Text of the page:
April 30, 2018
This spring’s home sales season is shaping up to be the most interesting one in years. The housing market will depend on which opposing force proves more powerful: long-term fundamentals of supply and demand, or near-term ripples emanating from Washington and Wall Street.
Most evidence that Orion’s brokers have seen suggests that fundamentals will prevail over time and push sales and prices higher, especially at the lower and middle tiers of the market. But the opposing forces could mean a period of uncertain deal making. Higher mortgage rates and a new tax law will affect several elements of home buying.
Our brokers, and their clients, know that mortgage rates are higher, but knowing the math around “affordability” is a little more complicated than that. You must also consider the potential tax deductibility of mortgage interest and how much cash a buyer has available for a down payment.
The tax law is messy. The United States tax code subsidizes homeownership in ways large and small. (Whether those subsidies encourage greater homeownership or just drive up prices is a different matter.) But the tax law enacted in December reins in several of those advantages.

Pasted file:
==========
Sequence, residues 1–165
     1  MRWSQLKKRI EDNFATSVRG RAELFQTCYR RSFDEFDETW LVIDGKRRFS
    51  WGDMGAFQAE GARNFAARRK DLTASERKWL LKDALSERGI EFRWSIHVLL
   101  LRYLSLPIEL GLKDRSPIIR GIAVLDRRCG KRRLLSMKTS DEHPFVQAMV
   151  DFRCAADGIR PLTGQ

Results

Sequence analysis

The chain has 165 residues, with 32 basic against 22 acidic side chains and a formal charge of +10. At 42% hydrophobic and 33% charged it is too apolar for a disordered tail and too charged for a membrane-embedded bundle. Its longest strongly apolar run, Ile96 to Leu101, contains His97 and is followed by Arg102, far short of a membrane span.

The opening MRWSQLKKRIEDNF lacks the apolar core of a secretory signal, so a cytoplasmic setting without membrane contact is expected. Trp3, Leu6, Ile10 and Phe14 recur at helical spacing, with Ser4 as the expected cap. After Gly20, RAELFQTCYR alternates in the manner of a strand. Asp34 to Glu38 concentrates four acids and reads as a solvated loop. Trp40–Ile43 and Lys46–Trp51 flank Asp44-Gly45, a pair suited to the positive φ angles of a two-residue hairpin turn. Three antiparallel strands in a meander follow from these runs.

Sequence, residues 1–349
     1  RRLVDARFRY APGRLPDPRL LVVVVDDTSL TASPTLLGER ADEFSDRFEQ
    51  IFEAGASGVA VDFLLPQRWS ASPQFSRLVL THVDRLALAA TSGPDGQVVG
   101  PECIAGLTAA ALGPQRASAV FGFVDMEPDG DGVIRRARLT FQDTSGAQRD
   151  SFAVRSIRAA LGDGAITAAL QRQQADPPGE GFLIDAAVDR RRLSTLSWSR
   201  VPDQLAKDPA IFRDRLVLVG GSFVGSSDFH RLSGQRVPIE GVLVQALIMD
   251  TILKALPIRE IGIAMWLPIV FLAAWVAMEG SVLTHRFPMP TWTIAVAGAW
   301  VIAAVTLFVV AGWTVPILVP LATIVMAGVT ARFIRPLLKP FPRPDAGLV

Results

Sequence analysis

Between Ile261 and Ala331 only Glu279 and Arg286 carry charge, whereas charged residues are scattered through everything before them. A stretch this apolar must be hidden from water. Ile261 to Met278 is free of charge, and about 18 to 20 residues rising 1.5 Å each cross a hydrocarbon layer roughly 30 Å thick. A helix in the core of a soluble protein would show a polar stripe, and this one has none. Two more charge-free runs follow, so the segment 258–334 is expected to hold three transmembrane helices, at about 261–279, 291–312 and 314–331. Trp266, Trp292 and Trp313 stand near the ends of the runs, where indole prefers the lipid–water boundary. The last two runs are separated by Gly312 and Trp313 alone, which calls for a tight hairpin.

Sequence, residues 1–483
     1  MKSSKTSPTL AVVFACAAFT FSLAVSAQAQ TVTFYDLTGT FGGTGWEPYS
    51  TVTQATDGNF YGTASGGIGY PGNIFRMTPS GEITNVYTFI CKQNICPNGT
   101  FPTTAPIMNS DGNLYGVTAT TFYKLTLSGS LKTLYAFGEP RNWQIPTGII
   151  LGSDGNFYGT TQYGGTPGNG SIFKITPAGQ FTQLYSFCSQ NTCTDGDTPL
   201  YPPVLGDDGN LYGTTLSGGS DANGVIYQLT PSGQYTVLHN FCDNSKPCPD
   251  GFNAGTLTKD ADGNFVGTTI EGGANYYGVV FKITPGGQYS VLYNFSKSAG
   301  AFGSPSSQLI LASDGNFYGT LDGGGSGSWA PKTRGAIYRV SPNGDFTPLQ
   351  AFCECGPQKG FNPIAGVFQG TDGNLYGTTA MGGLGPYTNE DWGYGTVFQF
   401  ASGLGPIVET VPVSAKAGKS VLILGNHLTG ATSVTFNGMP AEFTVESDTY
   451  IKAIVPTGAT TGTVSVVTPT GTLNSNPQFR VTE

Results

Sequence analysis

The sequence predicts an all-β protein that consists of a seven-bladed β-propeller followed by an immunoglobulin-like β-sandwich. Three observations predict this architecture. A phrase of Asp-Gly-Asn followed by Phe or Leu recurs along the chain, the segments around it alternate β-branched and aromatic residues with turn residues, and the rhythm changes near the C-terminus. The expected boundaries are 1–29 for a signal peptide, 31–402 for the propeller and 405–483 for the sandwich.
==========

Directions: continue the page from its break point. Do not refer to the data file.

Most directly, Orion’s brokers know that the law reduces how much mortgage debt will benefit from tax-deductible interest payments.
Supply and demand are mismatched. Those developments on interest rates and tax policy seem likely to be drags on home buying. But they come amid a housing boom rooted in a major imbalance between the number of people looking to buy, especially in cities with strong job growth, and the inventory available. But the rising demand has not been accompanied by increase in supply.
There was overbuilding relative to demographic trends in the mid-2000s housing boom, but the opposite has been true for a while, especially where Orion lends. The home-building industry attributes this to the constraints it faces like restrictive zoning laws, tighter immigration enforcement has limited labor supply in some markets, and prices of many building materials have risen faster than overall inflation.
In other words, when there are more families looking for a place to live than new homes in place to accommodate them, the pressure on prices and sales will be upward, no matter what happens as the market adjusts to higher mortgage rates and tax changes.